Donated in the early 1980s by an American member, this selection of the ancient ‘Trout’ variety produces pale-green, luscious young pods, or, if allowed to dry, tasty white seeds speckled with burgundy. Carries pods high on the compact plants so may need staking later in the season. Found by Seed Guardians to be particularly disease resistant.
Our donor has never wanted to grow another haricot since discovering this one, originally purchased from a French market stall in the early 1950s. Once established this white seeded bean is fast-growing and vigorous, producing white flowers and flat pods, which bulge around the plump beans, until the first frosts. Flavoursome and completely stringless, even when fully mature.
Dating back to at least 1882, this Dutch-bred variety was used by the English as a forcing bean for hothouses. Produces compact plants (30-50cm) with white flowers followed by green pods that lighten with age to almost a silver-white giving, with a little imagination, the impression of icicles. Great fresh; either raw in salads when very young, or lightly steamed. Good flavour and texture when cooked after freezing, also dries well for use as a pulse. Sow to harvest 50-70 days (approx.)
Originally from the Ukraine these beans were named by our donor using the initals of her husband and his four sisters. Produces white flowers and yellow-green pods containing small beans that are delicious gently steamed. The pretty bicoloured white and maroon/brown seeds can also be used dried. We would welcome your opinion on this variety.
Originally from the Royal Botanic Gardens, Kew, this variety has been handed down for at least three generations in our donor's family. The purple-pink flowers are complemented by purple-tinged leaves and stems, and followed by flat purple pods. A healthy and vigorous vine producing a prolific crop of tender pods. Perfect for eating fresh or freezing, and when dried the beans have a rich, nutty flavour.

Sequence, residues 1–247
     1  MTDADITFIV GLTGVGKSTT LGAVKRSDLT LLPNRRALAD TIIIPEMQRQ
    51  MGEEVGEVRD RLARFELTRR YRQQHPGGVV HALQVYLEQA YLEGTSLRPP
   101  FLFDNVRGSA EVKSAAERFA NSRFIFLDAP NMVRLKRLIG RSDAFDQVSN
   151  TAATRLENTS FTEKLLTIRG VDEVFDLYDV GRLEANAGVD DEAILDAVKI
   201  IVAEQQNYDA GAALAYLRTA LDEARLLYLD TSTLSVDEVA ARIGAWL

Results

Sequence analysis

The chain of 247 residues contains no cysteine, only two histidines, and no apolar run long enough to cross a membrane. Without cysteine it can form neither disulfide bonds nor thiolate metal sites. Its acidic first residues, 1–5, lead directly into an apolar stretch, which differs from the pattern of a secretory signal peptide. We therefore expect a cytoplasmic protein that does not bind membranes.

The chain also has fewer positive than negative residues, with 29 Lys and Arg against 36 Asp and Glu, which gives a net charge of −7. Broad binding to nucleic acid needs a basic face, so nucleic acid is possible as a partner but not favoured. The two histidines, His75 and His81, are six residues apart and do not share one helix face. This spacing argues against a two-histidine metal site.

A German heritage variety popular there since the early 1800s. Thought to have earned its name as at the end of the season the leaves wither and expose the pods making them easy to pick. Growing to around 2.5m in height this white-flowered variety is hardy and resilient, and very productive. One of our Seed Guardians commented that “the beans just kept coming; I grew tired of picking them every other day! The flavour is superb.” Also copes well with hot, dry conditions.
Passed to our donor, Mr Luxton, by his father in 1960. Mr Luxton Sr. was given these bicoloured seeds by Major Cook, a colleague in The Commonwealth War Graves Commission in Albert, France. Major Cook was a keen gardener, trained at Kew. The beans were probably originally developed in Southampton in about 1900 by experimental horticulturist Alderman Vokes (Major Cook's grandfather). Produces pretty purple-violet flowers followed by a huge crop of stringless beans with a very fine flavour.
This pea bean was donated by a member who discovered them in a Majorcan market during the late 1980s. The seeds are the typical bicolour of pea beans; however, the maroon half is additionally striped with brown. Produces tall (up to 2.5m), strong vines and a good yield of tasty pods, but can be a little stringy if used fresh, and is best used as a drying bean.
Early and prolific, this variety is described as a dwarf bean, but has a tendency to climb to around 1-1.5m and requires some support. Small creamish-yellow flowers are followed by flattened pods, perfect for using fresh when young, but even better as a dried bean once mature. Garden Organic's Sally Cunningham says that they are meaty and succulent, ideal for bean burgers or chilli.
Donor Bernard Fearn has been growing this variety since WWII, though they existed many years before that. The pretty purple flowers are followed by long, silky pods. Mr Fearn says, “They grow very well in a cold greenhouse – avoid hot sun or outside growing.” Seed Guardian Carol Baxter adds, “You can't fault this bean, it has great taste, yields and looks good too!” The juicy, tender and sweet beans are ideal for freezing, a good job as it is so prolific.